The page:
The voyage of the Demeter was originally planned but had to be cut out of the script due to budget constraints, so now, for whatever reasons the English Holmwood family resides in Carlstadt, an evening’s convenient carriage ride from Castle Dracula. 

So, we arrive in Carlstadt and it becomes obvious what this film will be bringing to the table that Bela Lugosi’s version couldn’t. Raw sexuality. In previous iterations, there was always a bit of seductive undertones but in Horror of Dracula, it was in overtones.  In another switch, Lucy was Harker’s fiancé and Arthur Holmwood’s sister. And Mina was Holmwood’s devoted if frustrated wife.

The first scene of Dracula and Lucy shows her excitedly unlocking and opening the garden doors of her bedroom, then she gracefully reclines back on the bed.  The very picture of a virgin who in her excited fear is awaiting the man who will be her first lover.

The bedroom scene of the happily (if perhaps frustratedly) married Mina Holmwood and Dracula was too hot for English censors who demanded the scene be cut or there would be no release at all.  

For her morning-after scene actress, Mellissa Stribling’s instructions from the director were simple and to the point.  “I want you to look like last night you had the absolute best sex of your life.”

Infidelity on Mina’s part was played up as much as possible.  It turned out that the reason they couldn’t find Dracula was because Mina was keeping him hidden in the cellar. In her closing scene, we see the palm of Mina’s left hand.  There was a 3rd-degree cross burn on her palm but then it fades as Dracula perishes and the camera is centered on her wedding ring. 

Then there was the gore.  Lucy’s staking was the most graphic vampire execution of its day.  In the Lugosi version, all of the Lucy action takes place off camera but in this one you see Vampirism wasting away a poor girl who did nothing to deserve her fate. Then she dies and comes back as a child devouring monster. Just to up the stakes in this version, she attempts the seduction of her own brother before Van Helsing intervenes and in one of the most iconic scenes in movie history, burns her forehead with the mere touch of a cross.  Van Helsing tries to persuade Holmwood to use Lucy to hunt down Dracula.  Arthur won’t have it and insists that her suffering be ended.  In previous versions, you might have a silhouette of a stake being pounded into a coffin, in this version, you see a stake being pounded into Lucy.  Very explicitly with a lot of blood and Carol Marsh giving a prolonged blood-curdling scream throughout the whole process.  Audience members were literally fainting in the aisles during this scene when Horror of Dracula was first released.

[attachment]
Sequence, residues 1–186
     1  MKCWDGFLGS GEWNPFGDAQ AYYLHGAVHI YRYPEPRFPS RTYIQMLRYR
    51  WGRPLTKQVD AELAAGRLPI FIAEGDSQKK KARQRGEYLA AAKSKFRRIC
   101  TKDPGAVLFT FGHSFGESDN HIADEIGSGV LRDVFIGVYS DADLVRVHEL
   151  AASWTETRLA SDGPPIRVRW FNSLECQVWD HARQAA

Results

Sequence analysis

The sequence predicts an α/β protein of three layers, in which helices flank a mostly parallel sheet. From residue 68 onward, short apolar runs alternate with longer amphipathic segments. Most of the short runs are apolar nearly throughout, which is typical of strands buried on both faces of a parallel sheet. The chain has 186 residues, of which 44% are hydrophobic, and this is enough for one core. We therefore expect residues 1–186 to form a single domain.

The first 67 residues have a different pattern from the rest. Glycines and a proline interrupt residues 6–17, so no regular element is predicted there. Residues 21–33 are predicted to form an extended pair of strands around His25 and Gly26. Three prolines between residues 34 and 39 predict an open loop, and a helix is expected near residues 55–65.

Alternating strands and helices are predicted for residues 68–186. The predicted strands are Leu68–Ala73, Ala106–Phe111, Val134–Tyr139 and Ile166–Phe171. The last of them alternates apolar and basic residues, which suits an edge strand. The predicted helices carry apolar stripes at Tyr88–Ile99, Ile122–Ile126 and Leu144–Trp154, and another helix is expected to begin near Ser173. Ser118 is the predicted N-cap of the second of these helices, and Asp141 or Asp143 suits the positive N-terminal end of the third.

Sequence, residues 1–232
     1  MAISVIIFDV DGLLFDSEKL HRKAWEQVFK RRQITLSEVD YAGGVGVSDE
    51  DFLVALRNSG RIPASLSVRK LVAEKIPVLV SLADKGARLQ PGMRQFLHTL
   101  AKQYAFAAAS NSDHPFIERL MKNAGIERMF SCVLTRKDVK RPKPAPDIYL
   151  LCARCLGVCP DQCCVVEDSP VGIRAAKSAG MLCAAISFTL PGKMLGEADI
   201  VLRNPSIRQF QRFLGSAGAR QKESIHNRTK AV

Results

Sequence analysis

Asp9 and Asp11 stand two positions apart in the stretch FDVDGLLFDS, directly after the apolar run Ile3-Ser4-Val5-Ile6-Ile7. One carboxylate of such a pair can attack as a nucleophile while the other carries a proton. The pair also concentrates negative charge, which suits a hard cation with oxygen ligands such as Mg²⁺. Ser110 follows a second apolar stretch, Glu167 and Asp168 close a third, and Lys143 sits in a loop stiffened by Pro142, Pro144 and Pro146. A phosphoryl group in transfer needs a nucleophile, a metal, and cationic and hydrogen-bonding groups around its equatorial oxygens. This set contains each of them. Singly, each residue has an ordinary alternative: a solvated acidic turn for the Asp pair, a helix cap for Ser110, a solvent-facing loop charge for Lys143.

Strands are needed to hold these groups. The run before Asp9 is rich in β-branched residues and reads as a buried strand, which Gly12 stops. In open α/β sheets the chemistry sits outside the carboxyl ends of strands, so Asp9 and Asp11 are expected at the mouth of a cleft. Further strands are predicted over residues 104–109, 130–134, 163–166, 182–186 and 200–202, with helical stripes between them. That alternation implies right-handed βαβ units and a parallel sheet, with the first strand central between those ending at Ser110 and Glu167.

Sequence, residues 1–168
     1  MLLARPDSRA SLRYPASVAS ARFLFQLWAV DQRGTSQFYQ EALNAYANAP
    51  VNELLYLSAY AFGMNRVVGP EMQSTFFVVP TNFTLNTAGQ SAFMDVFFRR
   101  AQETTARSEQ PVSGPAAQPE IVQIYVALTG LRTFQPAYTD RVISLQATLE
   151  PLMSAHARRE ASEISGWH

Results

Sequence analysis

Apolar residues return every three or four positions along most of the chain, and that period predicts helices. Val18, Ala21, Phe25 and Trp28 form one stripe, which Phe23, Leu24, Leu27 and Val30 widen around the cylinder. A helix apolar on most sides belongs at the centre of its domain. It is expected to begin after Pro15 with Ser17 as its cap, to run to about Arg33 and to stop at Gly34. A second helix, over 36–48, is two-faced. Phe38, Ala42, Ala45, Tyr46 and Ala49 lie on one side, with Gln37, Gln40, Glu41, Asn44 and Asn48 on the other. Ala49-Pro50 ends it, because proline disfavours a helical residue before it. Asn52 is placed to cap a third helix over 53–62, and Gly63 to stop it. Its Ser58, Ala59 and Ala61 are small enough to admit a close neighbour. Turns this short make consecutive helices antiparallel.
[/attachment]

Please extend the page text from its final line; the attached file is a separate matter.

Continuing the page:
The final showdown between Peter Cushing and Christopher Lee was extremely action (as opposed to tension) oriented. Props Pete was the one who came up with the idea of using a field expedient cross to drive Dracula into the sunlight. Where Lucy had had a look of serene contentment on her face after her staking, Lee made Dracula’s death that of an animal.

The film was released to universal critical revulsion.

As was the style at the time.

But the box office receipts were gigantic for their day.  Their American distributor had been tottering on the verge of bankruptcy and told Christopher Lee that Hammer’s Frankenstein and Dracula had saved the studio. 

What it didn’t save was Christopher Lee’s career.  Where his lifelong friend Peter Cushing seemed happy enough to be typecast and employed.  Lee regarded it as “the third nail in my coffin.”  He was trapped in B-movie hell for decades and was frequently stuck playing Dracula. 

It’s a shame he was so dead set against the character that made him a household name.  Bela Lugosi’s count was a Svengali-like manipulator.  More of a tempter.  Christopher Lee on the other hand made his Dracula a figure of menacing power unstoppable by men and desired deeply by women.

Actress Caroline Munro claims that when she was starring in Dracula 1972, she actually swooned when Christopher bit her.

NEXT: Hammer Films Retrospective: The Golden Age

Previous: Hammer Films Curse of Frankenstein

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*Hugh Jackman fans will violently disagree.